Sunday, April 22, 2007

"Whatcha Think Is Gonna Happen Here?" Oh wow, we already know. Dang.

From Dangerous Minds to Freedom Writers, we're all used to glorified white savior movies. Kids of color who just cannot seem to get their act together until, blinded by the white, they are given a new vision of promise, courage, and success.

Sometimes, I feel as if my white friends blankly nod along when I rage against movies like these. I suspect they don't understand my critique or they feel compelled to hide their secret desire to change the world one Vanilla Ice impersonation at a time. Honestly though, I am not against white helpers. While a white person will not escape my loving critiques when helping out people of color, I will still respect him or her for identifying a need and responding to the call (not anymore than a person of color though; no more white privilege for you!). However, movies like these perpetuate the stereotype that black uplift always needs white strings attached.

It's a shame movies like Akeelah and the Bee are rare events while a film like Freedom Writers is so trite that even MadTV takes advantage of its foolishness. Yet, Freedom almost doubled the box office gross of Akeelah. Like usual, we cannot just point at a black status symbol and be content with some form of progress. The studio system needs to change by hiring more black talent behind the scenes to change the stories that get told. Doug Atchison, the white writer of Akeelah, is great, but we need to share our visions with each other while asserting ourselves and our stories into the dominant framework with the hope that we can becoming an original source of transformative energy for a broken system.

On the side note tip, the Yale community has been subject to some really poor attempts at satire this past year. As a result, a lot of these "humorists" are convinced that people of color don't have a sense of humor or hypocritically indulge in satirical humor privately. I think this sketch is an example of responsible satire, a term I'd define as "explosive with a ready made clean up crew." You've got to be ready to heal the hurt you're about to expose (not necessarily cause, there's a difference). There are devices for this effort, and I think this sketch uses them wisely. Note the African-American woman who fleshes out the problem in her monologue to the "nice white lady." Or even the fact that although she introduces herself, her whiteness is what we are supposed to notice; therefore, it is her title as well. Besides the creepy and lingering domestic violence "joke," the sketch did a good job at presenting the problem and allowing us to laugh at it while not disparaging the students of color or even the white teacher. I had been sleeping on MadTV. Not anymore.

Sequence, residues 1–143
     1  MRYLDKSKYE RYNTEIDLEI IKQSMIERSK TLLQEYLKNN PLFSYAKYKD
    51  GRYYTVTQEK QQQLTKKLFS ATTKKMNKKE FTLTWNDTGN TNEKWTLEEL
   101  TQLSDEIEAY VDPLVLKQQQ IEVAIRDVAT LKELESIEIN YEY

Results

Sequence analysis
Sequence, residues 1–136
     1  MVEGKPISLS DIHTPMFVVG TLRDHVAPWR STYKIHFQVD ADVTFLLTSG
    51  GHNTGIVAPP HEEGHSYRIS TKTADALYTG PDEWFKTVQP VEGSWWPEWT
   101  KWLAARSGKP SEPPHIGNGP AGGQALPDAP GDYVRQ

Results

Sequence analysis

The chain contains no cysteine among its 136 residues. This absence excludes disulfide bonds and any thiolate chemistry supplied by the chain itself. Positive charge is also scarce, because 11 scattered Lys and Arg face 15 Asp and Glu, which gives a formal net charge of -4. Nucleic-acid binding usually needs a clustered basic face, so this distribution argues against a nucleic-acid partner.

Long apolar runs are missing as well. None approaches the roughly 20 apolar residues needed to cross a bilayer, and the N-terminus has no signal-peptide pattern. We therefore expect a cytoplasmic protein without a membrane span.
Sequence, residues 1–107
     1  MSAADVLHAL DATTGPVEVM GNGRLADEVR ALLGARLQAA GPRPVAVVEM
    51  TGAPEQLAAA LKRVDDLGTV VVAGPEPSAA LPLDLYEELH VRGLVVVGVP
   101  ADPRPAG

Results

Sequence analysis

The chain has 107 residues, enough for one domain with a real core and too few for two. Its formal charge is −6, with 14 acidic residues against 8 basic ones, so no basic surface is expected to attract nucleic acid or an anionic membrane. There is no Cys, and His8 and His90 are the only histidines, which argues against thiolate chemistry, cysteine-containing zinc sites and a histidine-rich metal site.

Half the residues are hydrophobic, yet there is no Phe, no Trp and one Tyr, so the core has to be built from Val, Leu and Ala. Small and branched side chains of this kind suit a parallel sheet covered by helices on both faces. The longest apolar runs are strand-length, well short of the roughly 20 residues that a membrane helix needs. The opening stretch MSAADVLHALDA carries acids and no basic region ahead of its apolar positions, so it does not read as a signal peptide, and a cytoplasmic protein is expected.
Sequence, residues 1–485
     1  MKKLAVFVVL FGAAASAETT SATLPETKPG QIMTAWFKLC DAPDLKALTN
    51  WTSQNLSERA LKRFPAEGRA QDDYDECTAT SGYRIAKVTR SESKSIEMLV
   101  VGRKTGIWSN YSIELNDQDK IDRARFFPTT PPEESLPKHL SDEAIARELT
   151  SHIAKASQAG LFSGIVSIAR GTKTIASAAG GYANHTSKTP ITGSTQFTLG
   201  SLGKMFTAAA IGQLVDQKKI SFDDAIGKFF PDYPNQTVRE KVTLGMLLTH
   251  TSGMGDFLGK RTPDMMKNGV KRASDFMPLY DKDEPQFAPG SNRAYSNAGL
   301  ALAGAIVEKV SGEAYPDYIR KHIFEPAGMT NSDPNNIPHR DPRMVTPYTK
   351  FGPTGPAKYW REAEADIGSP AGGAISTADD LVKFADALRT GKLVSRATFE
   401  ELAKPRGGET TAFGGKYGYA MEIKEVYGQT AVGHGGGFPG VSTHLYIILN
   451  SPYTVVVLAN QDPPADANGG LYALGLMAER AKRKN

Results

Edit: After Naima wisely tempered my excitment, I'll keep one eye opened, one eye closed. Good lookin' out.


Naima said...

i don't think one good sketch redeems MadTV. they do plenty of satire that isn't responsible or thought provoking.

i would encourage you to feel free to continue sleeping on it.

Joshua said...

LOL. Yea, that's my youthful optimism getting to me. MadTV stays on the yellow. Until the light changes, I'll continue cruising with the plays of Elizabeth and Melay.

Anonymous said...

I emailed this clip to my brothers/cousins and my cousin wrote back, appropriately:

"You can count on MADtv to come through every once in a blue moon with something clever. The rest of the time it's like your TV vomiting
inside itself."

ha, so TRUE. but optimism is always good too :)

Anyway, re: Freedom Writers... what I found also interesting was how the kids turned around in it only via a connection to a (seeming) white experience (i.e. the Holocaust was used as a vehicle of understanding rather than for these students studying their own histories... of U.S. slavery, the violence of colonization and border creation, etc). Of course, the Holocaust should be studied but should be done in its own right, just as we should study the lived experiences of youth of color in the U.S. in our classrooms too.
.... & we saw this in the classic white savior movie Dangerous Minds too with the readings of Dylan Thomas (I mean, are there no poets of color that would connect to these kids' experiences?). Tangentially, I think this raises larger and important questions on inclusion/exclusion of material in our curricula.

Another aspect: it frustrates me how you're always made to sympathize with the kids in these movies but never with their parents ... people who are stuck within the same structure of racism/classism. If there were just room for a bigger narrative.... sigh.

Naima said...

anonymous, i completely agree with your observations about the strange place of parents in these narratives. it's a vaguely neo-con angle that these films take:

the parents are part of the problem, reproducing urban depravity, unable to achieve and lift themselves out in the way that their children ars, sans systemic reform.

these films are onto something we seem to have forgotten though that african american women reformers certainly new at the turn of the twentieth century:

education is the real grassroots.
it's where we organize and build consciousness, community.

time TO WAKE UP!